We’d only been married for a year.
When we touched down in Edinburgh, Scotland, we didn’t have jobs, we didn’t know anyone and we hadn’t yet found a flat. It was a gigantic leap of faith, as you can imagine.
We worked quickly, and I was fortunate to land a part-time position the next day at a private college teaching finance and business studies. My wife also secured a great position with a large bank. But that wasn’t why we were there…we’d headed to Scotland because I’d been accepted to a PhD program (programme?) at the University of St. Andrews.
As you can imagine, we were crazy busy and I quickly learned that I had to work ridiculously hard to perform as a scholar and an instructor.
This is how I learned the hidden power of saying ‘no’, and it is one of the secrets to my success. In fact, this experience convinced me that saying ‘no’ is also one of the healthiest things any entrepreneur can do.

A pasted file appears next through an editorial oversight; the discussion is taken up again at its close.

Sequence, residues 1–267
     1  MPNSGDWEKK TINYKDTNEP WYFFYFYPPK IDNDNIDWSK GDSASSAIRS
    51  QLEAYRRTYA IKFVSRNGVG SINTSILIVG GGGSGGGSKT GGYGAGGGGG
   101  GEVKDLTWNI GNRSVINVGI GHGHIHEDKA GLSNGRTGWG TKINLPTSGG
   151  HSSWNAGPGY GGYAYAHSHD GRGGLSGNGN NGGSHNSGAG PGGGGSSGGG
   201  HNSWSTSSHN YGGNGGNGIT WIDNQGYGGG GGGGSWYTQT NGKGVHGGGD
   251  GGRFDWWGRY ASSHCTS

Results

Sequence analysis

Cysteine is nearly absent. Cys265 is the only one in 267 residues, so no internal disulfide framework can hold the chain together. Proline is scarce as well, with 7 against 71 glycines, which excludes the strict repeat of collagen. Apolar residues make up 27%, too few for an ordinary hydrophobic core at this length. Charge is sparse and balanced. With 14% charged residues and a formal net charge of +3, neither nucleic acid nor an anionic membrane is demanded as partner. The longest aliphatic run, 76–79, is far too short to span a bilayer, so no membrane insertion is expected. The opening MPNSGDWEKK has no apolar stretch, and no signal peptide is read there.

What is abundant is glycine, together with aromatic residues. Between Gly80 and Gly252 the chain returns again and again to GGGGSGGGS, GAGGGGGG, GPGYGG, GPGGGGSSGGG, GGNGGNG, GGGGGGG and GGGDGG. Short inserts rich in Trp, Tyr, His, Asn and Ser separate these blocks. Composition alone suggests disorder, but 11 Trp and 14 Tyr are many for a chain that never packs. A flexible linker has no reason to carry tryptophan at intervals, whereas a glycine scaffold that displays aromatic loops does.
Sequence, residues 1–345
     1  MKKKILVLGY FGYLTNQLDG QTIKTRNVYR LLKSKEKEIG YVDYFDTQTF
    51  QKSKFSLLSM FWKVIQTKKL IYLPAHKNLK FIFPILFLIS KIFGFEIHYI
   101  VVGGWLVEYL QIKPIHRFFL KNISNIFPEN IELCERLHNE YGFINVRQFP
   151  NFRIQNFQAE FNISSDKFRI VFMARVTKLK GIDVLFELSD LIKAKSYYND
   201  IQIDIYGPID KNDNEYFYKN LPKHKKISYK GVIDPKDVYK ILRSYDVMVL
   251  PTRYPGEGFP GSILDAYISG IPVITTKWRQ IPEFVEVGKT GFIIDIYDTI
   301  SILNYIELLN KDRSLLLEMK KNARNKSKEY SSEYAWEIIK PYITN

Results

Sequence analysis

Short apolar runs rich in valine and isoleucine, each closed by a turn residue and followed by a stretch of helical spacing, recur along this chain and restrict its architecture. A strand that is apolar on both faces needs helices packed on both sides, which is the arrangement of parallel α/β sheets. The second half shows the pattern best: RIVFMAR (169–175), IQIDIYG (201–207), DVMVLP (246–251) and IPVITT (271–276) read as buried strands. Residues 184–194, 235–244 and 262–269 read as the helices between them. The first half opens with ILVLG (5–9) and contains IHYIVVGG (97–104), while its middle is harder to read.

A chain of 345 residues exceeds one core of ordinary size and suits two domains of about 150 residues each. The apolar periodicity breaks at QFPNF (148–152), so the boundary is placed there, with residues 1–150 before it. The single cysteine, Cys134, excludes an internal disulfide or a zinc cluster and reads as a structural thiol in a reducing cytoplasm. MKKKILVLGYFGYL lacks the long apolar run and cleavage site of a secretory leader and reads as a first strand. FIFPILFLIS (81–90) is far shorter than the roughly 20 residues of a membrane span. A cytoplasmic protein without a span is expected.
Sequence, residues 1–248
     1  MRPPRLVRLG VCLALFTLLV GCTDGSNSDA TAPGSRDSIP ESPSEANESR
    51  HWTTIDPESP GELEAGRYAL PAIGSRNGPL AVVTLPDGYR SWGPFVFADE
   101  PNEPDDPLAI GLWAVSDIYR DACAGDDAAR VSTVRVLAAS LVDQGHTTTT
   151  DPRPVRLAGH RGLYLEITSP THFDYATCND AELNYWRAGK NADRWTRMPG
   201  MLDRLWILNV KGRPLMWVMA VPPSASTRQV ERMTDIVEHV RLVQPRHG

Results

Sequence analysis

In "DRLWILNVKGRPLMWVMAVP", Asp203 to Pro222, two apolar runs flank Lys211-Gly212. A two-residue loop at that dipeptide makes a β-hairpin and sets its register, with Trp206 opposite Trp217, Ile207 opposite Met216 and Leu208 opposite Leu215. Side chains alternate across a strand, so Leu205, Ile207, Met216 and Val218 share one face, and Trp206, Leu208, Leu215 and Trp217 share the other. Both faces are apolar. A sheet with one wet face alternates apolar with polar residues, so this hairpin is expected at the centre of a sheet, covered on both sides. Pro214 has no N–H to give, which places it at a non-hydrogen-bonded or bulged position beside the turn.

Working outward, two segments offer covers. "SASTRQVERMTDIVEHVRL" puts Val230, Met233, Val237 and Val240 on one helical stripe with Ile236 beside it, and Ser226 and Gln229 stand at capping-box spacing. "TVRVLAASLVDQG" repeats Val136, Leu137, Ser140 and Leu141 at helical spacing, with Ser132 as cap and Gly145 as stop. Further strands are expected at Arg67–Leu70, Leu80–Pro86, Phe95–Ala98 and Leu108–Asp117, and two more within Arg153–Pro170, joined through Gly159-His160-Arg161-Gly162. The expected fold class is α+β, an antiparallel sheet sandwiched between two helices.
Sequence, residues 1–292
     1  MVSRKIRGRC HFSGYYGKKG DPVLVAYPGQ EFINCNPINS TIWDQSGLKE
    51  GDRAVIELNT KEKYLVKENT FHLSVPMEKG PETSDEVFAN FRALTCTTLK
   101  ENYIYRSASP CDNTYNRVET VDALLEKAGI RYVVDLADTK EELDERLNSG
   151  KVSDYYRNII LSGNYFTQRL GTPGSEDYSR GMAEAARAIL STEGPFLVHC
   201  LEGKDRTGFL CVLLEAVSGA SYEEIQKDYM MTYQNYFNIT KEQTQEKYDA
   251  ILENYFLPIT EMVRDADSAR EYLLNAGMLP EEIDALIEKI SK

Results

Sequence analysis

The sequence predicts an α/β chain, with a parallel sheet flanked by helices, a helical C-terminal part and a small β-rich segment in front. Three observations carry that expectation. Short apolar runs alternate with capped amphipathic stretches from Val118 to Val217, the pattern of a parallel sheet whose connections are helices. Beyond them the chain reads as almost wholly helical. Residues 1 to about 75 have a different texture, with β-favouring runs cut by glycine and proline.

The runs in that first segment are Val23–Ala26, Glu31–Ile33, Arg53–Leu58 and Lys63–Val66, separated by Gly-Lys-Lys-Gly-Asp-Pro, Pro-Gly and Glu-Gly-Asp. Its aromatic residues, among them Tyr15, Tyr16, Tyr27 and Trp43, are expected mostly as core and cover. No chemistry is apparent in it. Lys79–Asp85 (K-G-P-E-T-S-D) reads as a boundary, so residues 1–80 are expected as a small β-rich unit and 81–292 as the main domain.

A large part of success is about learning to say ‘no’ rather than ‘yes’
Learning to say no to bad ideas, time wasting activities, unhealthy habits and sometimes even fun things like parties, can profoundly impact your life in positive ways and help you to achieve your goals. In short, if you are a budding entrepreneur, saying no is going to be one of the most valuable tools you can add to your skill-set.
However, in many eastern cultures and contexts, it is considered impolite to say no, so people often agree to things they don’t really want to commit to. When I moved to Asia, I struggled with this, but that is a story for another time. In the west, we might not have that same stigma associated with saying no as people do in the east, but we still say yes far more than we should.